179 F2d 924 Sullivan v. United States
179 F.2d 924
United States Court of Appeals Second Circuit.
Argued December 9, 1949.
Decided December 27, 1949.
John F. X. McGohey, United States Attorney, (Kirlin, Campbell, Hickox & Keating, New York City, of counsel); Walter X. Connor and Vernon Sims Jones, New York City, Advocates, for appellant.
Paul C. Matthews, New York City, Archibald F. McGrath, New York City, Advocate, for appellee.
Before L. HAND, Chief Judge, and SWAN and FRANK, Circuit Judges.
SWAN, Circuit Judge.
The libellant was employed as a fireman water-tender on a merchant vessel of the United States which was undergoing repairs at the Bethlehem Shipyard in Brooklyn, New York. He was not hired for a voyage and signed no articles. He had a room ashore. In addition to his pay of $110 a month, he received an allowance of $2 per day for sleeping ashore and an additional allowance for meals. Nevertheless he had a bunk on the ship. His watch was 12 midnight to 8 A.M. After finishing his work on the morning of June 3, 1943, he slept in a bunk aboard ship, and about 3 P.M. went ashore with permission. During his shore leave he drank 18 or 20 glasses of beer before starting to return to his ship. About 10 P.M. while walking on a public street in Brooklyn not far from the entrance to the drydock where his ship was moored he was attacked by two or three unknown men. The assault resulted in a broken leg. His claim for maintenance is based entirely on the lengthy convalescence required for the healing of the leg. The court found that at the time of the assault he "was not exactly sober" but he "knew what he was doing and was headed for his ship," and "the injuries he received were not due to his own vices." Accordingly the court awarded maintenance on the principles of liability stated in Aguilar v. Standard Oil Co. of New Jersey, 318 U.S. 724, 733, 63 S.Ct. 930, 87 L.Ed. 1107 and Kyriakos v. Goulandris, 2 Cir., 151 F.2d 132, 138.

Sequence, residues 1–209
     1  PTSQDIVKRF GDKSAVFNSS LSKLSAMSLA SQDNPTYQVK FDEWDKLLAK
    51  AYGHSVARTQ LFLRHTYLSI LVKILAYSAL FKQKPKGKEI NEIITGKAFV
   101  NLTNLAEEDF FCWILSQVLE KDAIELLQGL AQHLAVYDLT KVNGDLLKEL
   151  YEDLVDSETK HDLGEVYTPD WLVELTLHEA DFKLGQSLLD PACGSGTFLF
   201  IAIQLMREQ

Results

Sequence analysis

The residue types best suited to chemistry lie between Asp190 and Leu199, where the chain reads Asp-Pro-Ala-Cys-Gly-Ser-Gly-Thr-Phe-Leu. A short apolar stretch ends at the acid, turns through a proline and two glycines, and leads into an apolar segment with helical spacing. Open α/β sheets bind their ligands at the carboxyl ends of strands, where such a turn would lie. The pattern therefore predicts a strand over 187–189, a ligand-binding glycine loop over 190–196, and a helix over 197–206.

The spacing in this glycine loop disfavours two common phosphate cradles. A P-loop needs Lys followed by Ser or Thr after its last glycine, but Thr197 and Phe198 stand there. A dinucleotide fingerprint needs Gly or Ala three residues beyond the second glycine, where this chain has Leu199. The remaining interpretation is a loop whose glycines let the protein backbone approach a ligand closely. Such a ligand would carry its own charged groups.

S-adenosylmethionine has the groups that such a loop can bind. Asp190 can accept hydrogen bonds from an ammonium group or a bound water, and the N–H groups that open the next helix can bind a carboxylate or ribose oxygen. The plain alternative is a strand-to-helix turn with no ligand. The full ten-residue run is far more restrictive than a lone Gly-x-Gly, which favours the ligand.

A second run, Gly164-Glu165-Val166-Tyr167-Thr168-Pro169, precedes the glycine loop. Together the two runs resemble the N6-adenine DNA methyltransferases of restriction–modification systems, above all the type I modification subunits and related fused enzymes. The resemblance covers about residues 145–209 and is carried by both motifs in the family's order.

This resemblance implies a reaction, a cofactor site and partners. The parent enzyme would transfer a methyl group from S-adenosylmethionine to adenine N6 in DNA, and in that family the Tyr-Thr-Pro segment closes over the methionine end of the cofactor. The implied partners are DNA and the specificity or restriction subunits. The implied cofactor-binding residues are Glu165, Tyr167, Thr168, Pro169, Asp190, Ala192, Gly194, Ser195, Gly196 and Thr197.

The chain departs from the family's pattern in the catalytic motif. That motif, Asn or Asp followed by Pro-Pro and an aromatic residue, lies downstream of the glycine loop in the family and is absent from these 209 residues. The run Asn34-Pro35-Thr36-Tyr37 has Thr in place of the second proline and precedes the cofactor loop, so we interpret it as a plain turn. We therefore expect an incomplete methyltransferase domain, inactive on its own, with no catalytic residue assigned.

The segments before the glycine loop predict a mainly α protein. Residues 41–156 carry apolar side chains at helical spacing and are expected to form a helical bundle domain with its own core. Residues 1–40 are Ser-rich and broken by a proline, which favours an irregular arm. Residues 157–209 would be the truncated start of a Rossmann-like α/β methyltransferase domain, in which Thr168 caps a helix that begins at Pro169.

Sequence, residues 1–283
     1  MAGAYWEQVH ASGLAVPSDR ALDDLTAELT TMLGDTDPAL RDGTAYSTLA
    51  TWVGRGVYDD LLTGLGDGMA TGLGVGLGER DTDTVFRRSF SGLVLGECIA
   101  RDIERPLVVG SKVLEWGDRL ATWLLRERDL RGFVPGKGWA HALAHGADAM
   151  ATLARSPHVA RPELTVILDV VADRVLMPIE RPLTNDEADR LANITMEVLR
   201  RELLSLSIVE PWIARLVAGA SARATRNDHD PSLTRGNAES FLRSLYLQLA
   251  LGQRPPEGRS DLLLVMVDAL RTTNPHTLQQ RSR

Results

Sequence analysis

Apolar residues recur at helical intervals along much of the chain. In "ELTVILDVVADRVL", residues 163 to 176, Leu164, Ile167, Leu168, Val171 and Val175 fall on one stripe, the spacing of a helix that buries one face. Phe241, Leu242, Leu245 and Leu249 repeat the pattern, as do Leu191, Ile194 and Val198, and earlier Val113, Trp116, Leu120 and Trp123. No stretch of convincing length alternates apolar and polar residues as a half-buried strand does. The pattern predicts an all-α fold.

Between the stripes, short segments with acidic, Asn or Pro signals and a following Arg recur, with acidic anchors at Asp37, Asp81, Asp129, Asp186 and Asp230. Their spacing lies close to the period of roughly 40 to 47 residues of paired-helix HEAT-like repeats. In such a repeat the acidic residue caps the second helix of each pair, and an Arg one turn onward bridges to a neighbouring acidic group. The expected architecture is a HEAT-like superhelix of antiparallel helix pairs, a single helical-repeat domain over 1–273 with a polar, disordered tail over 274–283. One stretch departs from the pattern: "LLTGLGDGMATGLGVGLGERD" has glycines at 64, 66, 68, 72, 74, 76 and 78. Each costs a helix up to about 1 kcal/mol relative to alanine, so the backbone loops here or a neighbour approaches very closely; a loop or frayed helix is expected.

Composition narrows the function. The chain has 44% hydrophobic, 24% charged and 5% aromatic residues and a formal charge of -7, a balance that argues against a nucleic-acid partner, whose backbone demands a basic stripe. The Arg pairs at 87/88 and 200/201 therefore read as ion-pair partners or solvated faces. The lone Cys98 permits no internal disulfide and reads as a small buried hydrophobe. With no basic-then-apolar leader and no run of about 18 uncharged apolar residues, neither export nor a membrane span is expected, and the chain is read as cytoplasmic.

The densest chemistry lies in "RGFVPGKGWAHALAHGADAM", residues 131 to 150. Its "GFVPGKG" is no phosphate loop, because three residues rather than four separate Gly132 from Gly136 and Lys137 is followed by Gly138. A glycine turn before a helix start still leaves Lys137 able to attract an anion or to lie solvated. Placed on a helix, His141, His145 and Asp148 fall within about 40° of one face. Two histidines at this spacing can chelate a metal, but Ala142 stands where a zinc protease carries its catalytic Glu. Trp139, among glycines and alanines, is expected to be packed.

The appellant contends that the seaman's injuries resulted from a drunken brawl brought about by his own alcoholic condition. The trial judge rejected this contention. We cannot say that the court's findings are clearly erroneous. The appellant also submits cogent arguments for denying recovery under such circumstances as the case at bar presents. But if the principles of the Aguilar case are to be so restricted, a decision to that effect must be obtained from the court of last resort.1
The appellant cites the following cases to show how inferior courts have applied the Aguilar doctrine. Barroom brawls: Moss v. Alaska Packers Ass'n., Cal.App., 160 P.2d 224; Nowery v. Smith, D.C., 69 F.Supp. 755, affirmed, 3 Cir., 161 F.2d 732. Brawls in Public Streets: Stanley v. Weyerhauser SS. Co., 1947 A. M. C. 411; Grovell v. Stockard S. S. Co., D.C. Pa., 78 F.Supp. 931. Injuries at Places Remote from Vessel: Smith v. United States, 4 Cir., 167 F.2d 550; Petersen v. Marine Transport Lines, Inc., 86 Cal. App.2d Supp. 927, 194 P.2d 161, 1948 A. M. C. 544; Taylor v. United Fruit Co., Sup., 71 N.Y.S.2d 22, 1947 A. M. C. 1297; Dasher v. United States, D.C.N.Y., 59 F. Supp 742; Warren v. United States, D.C. N.Y., 75 F.Supp. 210; Id., 76 F.Supp. 735, decision on appeal handed down herewith, 2 Cir., 179 F.2d 919